What an incredibly weird statement by Larry Elliott

Nixon called time on the Bretton Woods system of fixed but adjustable exchange rates, under which countries could use capital controls in order to stimulate their economies without fear of a run on their currency.

No, this is arse about tit.

It was the system of fixed exchange rates which prevented stimulus. If you went off to tickle the scrotal sac of the economy, to stimulate it, you then came up against the boundary of having to defend your currency exchange rate. You then had to do all sorts of nasty raising interest rates, cancelling the stimulus (to continue our earlier analogy, akin to waving pictures of Anne Widdicombe/Margaret Beckett, to political taste, at it) in order to defend that currency rate. This was as true of Harold Wilson in 1966 as it was of Norman Lamont in 1992: raising interest rates three times by lunchtime wasn\’t it?

Fixed exchange rates were a constraint on the ability to stimulate. As shown by the way we came off the gold standard in 1931 in order to stimulate, as shown by the way we quite deliberately dropped the £ 25% in the last few years to do so.

And the suggestion about what we do next?

There is strong ideological resistance to the policies that make decent wages in a full employment economy feasible: capital controls, allowing strong trade unions, wage subsidies, and protectionism.

Dear God Almighty. Forward to the 17th Century! Medieval guilds, mercantilism…..has no one actually read Adam Smith?

11 thoughts on “What an incredibly weird statement by Larry Elliott”

  1. There have been some economists since Adam Smith, Tim. Some of them were even proper free marketeers rather than enthusiastic customs men who supported the Navigation Acts, and some of them have even developed a proper theory of value.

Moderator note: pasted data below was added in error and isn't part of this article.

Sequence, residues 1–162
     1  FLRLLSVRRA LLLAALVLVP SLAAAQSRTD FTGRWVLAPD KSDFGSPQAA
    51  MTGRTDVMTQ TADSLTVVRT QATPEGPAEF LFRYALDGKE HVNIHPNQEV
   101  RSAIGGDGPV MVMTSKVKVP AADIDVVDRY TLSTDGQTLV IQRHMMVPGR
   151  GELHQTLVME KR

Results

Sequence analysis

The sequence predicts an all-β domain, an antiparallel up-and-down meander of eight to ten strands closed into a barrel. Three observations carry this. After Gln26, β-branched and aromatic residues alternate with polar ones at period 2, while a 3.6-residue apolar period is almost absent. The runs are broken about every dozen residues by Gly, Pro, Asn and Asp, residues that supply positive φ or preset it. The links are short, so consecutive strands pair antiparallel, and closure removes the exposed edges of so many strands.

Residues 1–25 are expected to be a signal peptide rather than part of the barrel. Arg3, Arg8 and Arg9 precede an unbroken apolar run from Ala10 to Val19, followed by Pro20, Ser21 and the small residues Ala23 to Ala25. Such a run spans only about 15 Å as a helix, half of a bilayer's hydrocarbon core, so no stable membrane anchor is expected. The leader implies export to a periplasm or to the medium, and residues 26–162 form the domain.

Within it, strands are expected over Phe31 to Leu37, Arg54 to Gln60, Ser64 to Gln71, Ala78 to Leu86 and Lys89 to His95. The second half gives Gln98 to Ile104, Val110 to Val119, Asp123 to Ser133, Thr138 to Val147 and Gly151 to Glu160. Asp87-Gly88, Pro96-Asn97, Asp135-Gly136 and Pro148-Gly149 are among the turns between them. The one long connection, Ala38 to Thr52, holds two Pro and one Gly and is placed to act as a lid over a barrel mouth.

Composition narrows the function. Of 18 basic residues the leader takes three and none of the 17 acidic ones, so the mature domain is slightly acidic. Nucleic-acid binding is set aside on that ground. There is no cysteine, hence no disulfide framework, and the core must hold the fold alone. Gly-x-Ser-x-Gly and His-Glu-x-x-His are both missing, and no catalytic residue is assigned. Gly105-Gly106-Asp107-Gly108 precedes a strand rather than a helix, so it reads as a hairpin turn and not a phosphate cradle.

It’s a bit rich complaining somebody’s harking back to the 17th Century, by referencing… the 18th Century.

    What is it with this Cult Of Smith?

  2. What I don’t get is this:

    I’m 40 years old so am about as old as the fiat money experiment. When I was a kid ‘stuff’ cost a lot of money (relative to what people earned). Buying a new TV was a big purchase, and it had to last a long time. People fixed their own cars, bought second hand clothes (all my classmates in my rural (ie not deprived by any means) primary school wore hand-me-downs and clothes from jumble sales). Anyone who could afford new clothes, new cars, foreign holidays was rich, ie out of the norm.

    In business my father would buy secondhand building materials and pay builders to build his farm sheds with them. This was cheaper than buying purpose made barns. He would buy old machines and repair them.

    Nowadays stuff is cheap. A TV can be bought brand new for a few quid. Cars can be boughtnew on HP. People holiday abroad several times a year. In my business it makes more sense to buy a new machine or building, than employ 3 or 4 men to fiddle around making stuff from secondhand materials or mending things. Ergo labour has a better standard of living now than it did in the 1960s and 70s.

    So why do people like Larry Elliot want to send the workers back 40 years?

  3. Because he believes that inefficiency creates jobs and high wages, because it takes more man hours to make an expensive telly. Thus industry will have to employ more people, wages will rise and everyone will become wealthier.

    I leave it as an exercise for the reader to identify the fallacy.